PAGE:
Who’s an HSUS “constituent”? Why, HumaneWatch is.
Surprised? We aren’t.
Here’s some background for the unfamiliar: the Humane Society of the United States (an animal rights group not affiliated with humane society pet shelters) claims that it has 11 million “members and constituents.” The implication is that HSUS has widespread mainstream support, which is crucial for HSUS since it spends so much money on lobbying. Legislators tend to listen to groups with the biggest clout. (In fact, HSUS CEO Wayne Pacelle will appear on Capitol Hill today with Michael Vick.)
However, we’ve long questioned the credibility of HSUS’s self-generated statistic. According to its latest tax return, HSUS’s All Animals magazine, which is included in an HSUS membership, has a circulation of about 450,000. So are the other 10.5 million people all HSUS “constituents”?
And what exactly is a constituent, anyway? HSUS doesn’t say. But now we have another clue.
When we removed ourselves from an HSUS email list last week, we received a message that began, “Dear Constituent.” A-ha. Simply being on an HSUS email list—whether or not you agree with HSUS’s animal rights agenda—earns you the “constituent” label.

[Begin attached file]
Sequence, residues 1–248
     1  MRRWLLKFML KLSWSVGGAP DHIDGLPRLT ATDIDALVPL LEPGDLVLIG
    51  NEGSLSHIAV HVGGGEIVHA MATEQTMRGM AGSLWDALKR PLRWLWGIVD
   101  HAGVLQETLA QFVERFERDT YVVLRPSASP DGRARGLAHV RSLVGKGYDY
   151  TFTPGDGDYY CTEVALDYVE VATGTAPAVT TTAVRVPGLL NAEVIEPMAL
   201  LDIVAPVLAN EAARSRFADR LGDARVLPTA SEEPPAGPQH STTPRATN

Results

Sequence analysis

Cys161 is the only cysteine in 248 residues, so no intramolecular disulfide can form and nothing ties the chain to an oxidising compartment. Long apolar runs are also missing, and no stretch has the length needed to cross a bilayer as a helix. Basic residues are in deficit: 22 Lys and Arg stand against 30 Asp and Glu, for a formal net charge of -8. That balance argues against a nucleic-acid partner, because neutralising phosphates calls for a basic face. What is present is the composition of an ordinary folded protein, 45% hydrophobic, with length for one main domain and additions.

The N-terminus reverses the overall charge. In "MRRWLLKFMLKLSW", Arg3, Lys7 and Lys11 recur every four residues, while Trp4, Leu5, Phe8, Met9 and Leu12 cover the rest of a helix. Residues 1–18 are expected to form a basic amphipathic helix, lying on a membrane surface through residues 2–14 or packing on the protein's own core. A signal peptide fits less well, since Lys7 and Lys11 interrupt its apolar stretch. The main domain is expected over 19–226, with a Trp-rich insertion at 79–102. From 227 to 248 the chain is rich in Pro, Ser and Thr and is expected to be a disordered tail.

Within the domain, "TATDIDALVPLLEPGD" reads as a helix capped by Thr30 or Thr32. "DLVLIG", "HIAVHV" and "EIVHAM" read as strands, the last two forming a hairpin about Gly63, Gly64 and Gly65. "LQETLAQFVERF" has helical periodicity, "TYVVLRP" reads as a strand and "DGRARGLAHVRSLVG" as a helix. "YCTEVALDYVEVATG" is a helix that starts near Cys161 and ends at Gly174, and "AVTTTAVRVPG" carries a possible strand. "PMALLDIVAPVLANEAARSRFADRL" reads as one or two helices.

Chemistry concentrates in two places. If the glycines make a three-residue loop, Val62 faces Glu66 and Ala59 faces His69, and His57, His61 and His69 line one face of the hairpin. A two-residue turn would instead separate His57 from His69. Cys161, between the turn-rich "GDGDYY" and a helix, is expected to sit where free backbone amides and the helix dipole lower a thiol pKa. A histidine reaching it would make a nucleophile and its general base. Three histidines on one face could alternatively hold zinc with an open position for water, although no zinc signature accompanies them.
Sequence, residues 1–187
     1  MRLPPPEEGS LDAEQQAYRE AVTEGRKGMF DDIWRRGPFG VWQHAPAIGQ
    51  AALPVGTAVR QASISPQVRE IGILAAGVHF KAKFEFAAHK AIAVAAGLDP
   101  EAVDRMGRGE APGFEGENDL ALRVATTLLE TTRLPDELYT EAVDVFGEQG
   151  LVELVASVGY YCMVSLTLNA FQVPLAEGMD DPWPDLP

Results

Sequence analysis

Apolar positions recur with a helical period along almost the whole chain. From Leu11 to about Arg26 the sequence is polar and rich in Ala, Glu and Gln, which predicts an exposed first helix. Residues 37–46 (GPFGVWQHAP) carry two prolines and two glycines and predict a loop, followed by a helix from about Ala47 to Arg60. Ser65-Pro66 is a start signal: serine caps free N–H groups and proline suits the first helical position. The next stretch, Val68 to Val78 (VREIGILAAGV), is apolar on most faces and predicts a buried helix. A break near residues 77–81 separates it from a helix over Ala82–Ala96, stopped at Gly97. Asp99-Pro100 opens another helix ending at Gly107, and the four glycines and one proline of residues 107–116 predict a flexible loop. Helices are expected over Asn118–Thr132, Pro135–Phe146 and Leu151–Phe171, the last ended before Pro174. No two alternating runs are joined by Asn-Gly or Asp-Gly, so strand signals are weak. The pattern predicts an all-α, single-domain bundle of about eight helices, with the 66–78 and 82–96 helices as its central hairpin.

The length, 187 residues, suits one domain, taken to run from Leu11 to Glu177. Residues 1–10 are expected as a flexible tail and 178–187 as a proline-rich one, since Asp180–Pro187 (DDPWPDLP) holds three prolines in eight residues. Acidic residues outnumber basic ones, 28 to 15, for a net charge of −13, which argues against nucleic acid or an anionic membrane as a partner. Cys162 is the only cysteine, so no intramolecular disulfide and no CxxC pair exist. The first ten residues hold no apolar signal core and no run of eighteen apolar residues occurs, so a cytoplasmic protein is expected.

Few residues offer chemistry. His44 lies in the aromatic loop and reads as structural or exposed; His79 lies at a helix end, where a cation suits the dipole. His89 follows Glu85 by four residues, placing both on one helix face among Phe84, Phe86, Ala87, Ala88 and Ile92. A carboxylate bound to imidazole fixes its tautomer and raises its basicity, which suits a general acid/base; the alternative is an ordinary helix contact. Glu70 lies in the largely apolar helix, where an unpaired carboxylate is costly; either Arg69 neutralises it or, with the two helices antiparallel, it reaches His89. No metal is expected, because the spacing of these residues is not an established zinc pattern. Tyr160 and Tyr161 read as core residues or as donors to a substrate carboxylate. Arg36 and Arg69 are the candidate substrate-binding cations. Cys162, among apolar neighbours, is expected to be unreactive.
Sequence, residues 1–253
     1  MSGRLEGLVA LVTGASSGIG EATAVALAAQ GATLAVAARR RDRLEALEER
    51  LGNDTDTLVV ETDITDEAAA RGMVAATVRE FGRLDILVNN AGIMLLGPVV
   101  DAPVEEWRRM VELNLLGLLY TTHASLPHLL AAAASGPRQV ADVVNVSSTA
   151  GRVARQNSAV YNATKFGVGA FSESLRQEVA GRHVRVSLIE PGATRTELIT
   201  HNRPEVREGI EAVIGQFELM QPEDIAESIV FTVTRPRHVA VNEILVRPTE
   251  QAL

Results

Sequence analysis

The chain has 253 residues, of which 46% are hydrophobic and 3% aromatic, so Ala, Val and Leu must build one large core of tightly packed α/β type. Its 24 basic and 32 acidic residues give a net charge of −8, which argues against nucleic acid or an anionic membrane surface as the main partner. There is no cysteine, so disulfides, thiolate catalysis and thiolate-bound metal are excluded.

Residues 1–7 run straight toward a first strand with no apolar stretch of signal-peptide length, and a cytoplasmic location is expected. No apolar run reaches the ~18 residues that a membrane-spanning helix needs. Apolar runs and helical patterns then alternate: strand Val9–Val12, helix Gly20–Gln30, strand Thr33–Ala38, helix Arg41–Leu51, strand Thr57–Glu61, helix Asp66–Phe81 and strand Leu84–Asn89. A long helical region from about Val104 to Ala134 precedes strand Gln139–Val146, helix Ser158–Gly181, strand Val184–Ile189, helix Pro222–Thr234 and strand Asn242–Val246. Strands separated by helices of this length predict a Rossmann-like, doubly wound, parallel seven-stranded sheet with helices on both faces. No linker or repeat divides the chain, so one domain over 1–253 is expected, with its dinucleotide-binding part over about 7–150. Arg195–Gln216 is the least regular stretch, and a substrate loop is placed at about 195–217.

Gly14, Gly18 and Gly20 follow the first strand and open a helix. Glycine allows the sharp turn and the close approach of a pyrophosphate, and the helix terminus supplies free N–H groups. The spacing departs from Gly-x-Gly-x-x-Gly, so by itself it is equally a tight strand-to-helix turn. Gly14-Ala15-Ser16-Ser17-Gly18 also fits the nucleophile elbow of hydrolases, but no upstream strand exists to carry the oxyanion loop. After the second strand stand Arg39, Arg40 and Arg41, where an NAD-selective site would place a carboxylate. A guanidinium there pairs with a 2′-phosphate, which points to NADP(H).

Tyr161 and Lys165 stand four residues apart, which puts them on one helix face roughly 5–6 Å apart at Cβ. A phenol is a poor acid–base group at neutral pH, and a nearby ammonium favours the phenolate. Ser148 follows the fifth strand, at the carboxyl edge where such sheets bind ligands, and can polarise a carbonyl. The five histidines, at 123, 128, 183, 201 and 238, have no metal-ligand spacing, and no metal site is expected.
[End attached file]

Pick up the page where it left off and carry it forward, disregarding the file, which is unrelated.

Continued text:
How far does this nonsense go? You might remember that we unearthed an internal HSUS document from the late 1980s breaking down the “members and constituents” into its relative parts. Back then, 34.3 percent of HSUS’s tallied constituency consisted of simply “prospects.” Presumably, prospects are people who may not even agree with HSUS at all, so it may be dishonest of HSUS to count them as “constituents.” (A “prospect” is generally someone on a mailing list who hasn’t made a donation.)
That was then. In today’s world, HSUS has more means to expand its constituency and its prospects. If HSUS buys a direct-mail list, are all the addressees considered HSUS “constituents”? Are HSUS’s Facebook fans and Twitter followers all classified as “constituents”? (Wouldn’t there be some double-counting in there somewhere?)
Here’s the bottom line: HSUS is counting people as constituents who don’t even agree with it. And in today’s age of social media, it’s easy for a puffed up figure to get even more ridiculous. The best way to think of it is that HSUS really represents just 1/23—4 percent—of its puffed-up constituency, or about 1 in 670 Americans. That’s probably all the support an extreme agenda can hope to muster.